Before long, parents will plan for their kids future by selecting which genes they end up with. And when people do get sick, there will be no more trial-and-error prescribing to isolate the drugs that are effective at combating the disease without bringing on debilitating or deadly side effects. Life expectancy will increase, and so will the overall quality of life.
Much of the work that will lay the foundation for this certain future is already taking place, playing out in clinical trails and laboratories throughout the country.
To help us make sense of the latest developments in medical science springing from the field of data science, we were fortunate enough to be able to sit down for a chat with Dr. Bhushan Kapoor, an early pioneer in the field and current chairman of the Department of Information Systems and Decision Sciences at Cal State-Fullerton. Dr. Kapoor offers his thoughts on what the new data revolution has done for personalized medicine and genomics, and where the field is heading.
Pre-Selecting a Cure Before The Disease Ever Happens
Your DNA contains six billion pairs of different combinations of four nucleotides, and these nucleotide combinations make up thousands of genes. The genes in a DNA chain code for certain traits like eye or hair color. Likewise, different genes at different locations in your DNA chain code for genetic disorders as well as how you respond to different drug treatments.
The problem is, for the most part we currently don’t know which genes code for which genetic disorders, and how those genes impact the types of responses a person will have to a certain medicine.
And to exponentially increase the difficulty of making sense of all that, there is no such thing as a one size fits all genetic solution, which is really the point. You need to account for the fact that every genetically unique individual has a different response.
The daunting task of making sense out of all these variables is something that just begs for some serious data mining, scrubbing and prescriptive analytics. Dr. Kapoor explains how this is possible:
“When you have all that information together and you have billions of records, you’re able to parse together and see which particular gene may or could have your certain disease, and then we see what kind of medicines have worked and not worked. So that’s where the big data comes in. When you have granular-level data on patients – on their DNA – and on the history of the disease they have, and the medicines they’ve taken, and their whole lifestyle, you can instantly put all that together and that’s where we can do wonders. Doctors may be able to tell you, you’re likely to get such-and-such a disease in the future with your particular DNA, and pre-select a cure for that.”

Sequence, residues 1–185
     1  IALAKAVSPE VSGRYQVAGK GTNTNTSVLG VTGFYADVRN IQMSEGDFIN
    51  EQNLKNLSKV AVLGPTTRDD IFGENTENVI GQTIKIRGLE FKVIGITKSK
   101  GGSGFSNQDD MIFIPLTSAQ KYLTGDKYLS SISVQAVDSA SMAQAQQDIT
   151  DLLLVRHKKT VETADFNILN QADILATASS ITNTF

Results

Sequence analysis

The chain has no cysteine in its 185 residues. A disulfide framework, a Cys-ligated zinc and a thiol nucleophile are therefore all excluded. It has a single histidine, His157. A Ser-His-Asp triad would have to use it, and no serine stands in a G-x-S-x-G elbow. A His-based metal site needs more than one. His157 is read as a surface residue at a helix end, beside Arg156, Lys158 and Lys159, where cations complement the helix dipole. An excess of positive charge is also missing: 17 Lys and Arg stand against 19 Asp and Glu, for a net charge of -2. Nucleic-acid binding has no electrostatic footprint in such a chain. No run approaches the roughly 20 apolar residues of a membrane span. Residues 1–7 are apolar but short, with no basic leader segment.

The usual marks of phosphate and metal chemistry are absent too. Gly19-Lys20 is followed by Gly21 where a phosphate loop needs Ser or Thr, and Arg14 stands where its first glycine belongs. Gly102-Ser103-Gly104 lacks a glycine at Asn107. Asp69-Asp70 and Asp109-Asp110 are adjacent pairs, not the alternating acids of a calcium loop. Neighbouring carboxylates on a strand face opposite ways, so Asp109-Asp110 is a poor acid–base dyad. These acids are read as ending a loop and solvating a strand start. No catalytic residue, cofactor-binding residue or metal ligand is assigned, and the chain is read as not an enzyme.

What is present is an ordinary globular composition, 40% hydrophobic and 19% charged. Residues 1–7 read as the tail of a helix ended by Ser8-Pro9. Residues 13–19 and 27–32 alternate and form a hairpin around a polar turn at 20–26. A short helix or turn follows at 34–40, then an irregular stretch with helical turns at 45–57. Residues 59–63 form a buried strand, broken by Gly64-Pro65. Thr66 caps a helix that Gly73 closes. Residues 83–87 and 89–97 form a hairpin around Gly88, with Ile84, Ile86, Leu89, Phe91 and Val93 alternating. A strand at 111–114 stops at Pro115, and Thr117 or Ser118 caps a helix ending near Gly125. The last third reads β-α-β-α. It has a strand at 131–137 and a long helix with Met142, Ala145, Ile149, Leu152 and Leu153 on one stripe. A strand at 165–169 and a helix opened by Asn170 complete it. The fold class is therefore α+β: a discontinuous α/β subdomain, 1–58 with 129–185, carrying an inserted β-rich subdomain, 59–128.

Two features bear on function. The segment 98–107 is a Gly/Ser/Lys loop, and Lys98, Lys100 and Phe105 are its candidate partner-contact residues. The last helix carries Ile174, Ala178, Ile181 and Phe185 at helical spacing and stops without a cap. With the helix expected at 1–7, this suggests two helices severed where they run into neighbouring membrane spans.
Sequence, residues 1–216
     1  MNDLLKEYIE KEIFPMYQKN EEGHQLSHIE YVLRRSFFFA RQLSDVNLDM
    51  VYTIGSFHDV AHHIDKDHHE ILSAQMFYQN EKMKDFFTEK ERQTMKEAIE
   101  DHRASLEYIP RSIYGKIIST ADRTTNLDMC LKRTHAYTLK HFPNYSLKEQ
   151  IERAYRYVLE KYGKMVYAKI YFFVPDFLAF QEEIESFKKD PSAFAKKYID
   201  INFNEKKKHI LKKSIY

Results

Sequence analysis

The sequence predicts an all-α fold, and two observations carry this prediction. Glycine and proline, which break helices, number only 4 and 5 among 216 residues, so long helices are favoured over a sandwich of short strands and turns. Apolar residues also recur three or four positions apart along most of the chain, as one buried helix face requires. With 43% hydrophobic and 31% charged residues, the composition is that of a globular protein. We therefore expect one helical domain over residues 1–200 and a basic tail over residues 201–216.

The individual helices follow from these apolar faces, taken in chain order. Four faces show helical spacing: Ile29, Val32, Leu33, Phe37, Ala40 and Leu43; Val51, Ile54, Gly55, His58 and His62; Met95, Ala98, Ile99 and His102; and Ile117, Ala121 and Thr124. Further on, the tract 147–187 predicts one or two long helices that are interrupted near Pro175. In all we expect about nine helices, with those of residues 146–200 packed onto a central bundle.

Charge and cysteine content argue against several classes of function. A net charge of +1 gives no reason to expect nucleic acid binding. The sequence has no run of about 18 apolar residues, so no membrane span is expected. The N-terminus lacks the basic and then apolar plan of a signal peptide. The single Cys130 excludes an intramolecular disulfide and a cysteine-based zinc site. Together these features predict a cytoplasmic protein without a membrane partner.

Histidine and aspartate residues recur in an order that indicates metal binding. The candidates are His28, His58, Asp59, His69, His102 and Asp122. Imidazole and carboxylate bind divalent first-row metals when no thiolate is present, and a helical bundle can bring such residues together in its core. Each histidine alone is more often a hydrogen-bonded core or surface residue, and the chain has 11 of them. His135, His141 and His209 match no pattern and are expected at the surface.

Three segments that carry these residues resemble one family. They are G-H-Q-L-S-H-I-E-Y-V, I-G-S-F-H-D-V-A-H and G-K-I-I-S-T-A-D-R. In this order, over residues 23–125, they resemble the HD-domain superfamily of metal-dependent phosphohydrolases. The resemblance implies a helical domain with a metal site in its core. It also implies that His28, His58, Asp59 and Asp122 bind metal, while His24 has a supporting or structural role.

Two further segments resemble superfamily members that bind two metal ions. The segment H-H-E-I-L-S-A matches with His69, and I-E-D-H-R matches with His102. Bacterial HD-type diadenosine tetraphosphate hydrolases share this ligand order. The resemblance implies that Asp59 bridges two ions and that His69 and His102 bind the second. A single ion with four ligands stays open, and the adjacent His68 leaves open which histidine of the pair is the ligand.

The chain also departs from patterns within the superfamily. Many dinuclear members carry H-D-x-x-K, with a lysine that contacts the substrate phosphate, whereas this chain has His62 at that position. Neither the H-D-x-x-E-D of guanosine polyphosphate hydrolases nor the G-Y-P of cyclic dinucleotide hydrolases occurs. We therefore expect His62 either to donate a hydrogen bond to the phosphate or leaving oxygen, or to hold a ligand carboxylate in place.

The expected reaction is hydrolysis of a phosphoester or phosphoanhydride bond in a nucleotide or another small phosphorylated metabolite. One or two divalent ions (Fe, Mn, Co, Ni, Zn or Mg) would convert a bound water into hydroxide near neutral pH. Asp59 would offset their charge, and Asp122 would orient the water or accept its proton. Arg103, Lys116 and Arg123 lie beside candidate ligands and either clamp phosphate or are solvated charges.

Doctors can already pre-screen patients for some genetic risks based on their DNA. By applying data science to medicine this capability will dramatically increase with huge implications for preventative procedures and screenings. And by pinpointing what treatments work best for people with certain configurations of DNA, doctors will also be able to identify effective treatments much faster, potentially even eliminating the need for individual trial-and-error drug calibration.
Mountains of Data from Genetic Testing Aids in Risk Evaluation
Heart disease kills some 600,000 – 700,000 American each year, and Harvard Medical School found that most of these cases of coronary artery disease have a genetic link.
Using a procedure that has identified 57 locations on the DNA chain as being indicators for an increased risk of heart disease, doctors and researchers at the Massachusetts General Hospital have recently developed a genetic-based evaluation that scores individuals on their chances for developing heart disease.
So far this probability score has been more accurate for predicting heart attacks than family history evaluations. It has identified variants in genes that were previously not associated with cardiovascular disease.
Those factors alone will have a significant impact on treating people with the highest genetic risk for developing heart disease. That’s because research has also shown that preemptively administering cholesterol-lowering statins to people in this category can reduce their risk of heart attack by 40 percent for every 40 milligrams-per-deciliter drop in cholesterol.
But here is the catch: unless you are one of the 9,500 people who took part in this recent research you’re not a candidate for this kind of genetic risk evaluation – it’s not ready for prime time. And there’s more. Most of the people who participated in this research were of European descent; whether or not there is a correlation with other genetic pools remains to be determined.
The kind of breakthroughs in genetic risk evaluation that will be achieved through the application of data science to genetic research will revolutionize medicine forever. And as we get closer to being capable of performing this kind of genetic analysis on millions of people, the revolution could be closer than you might think.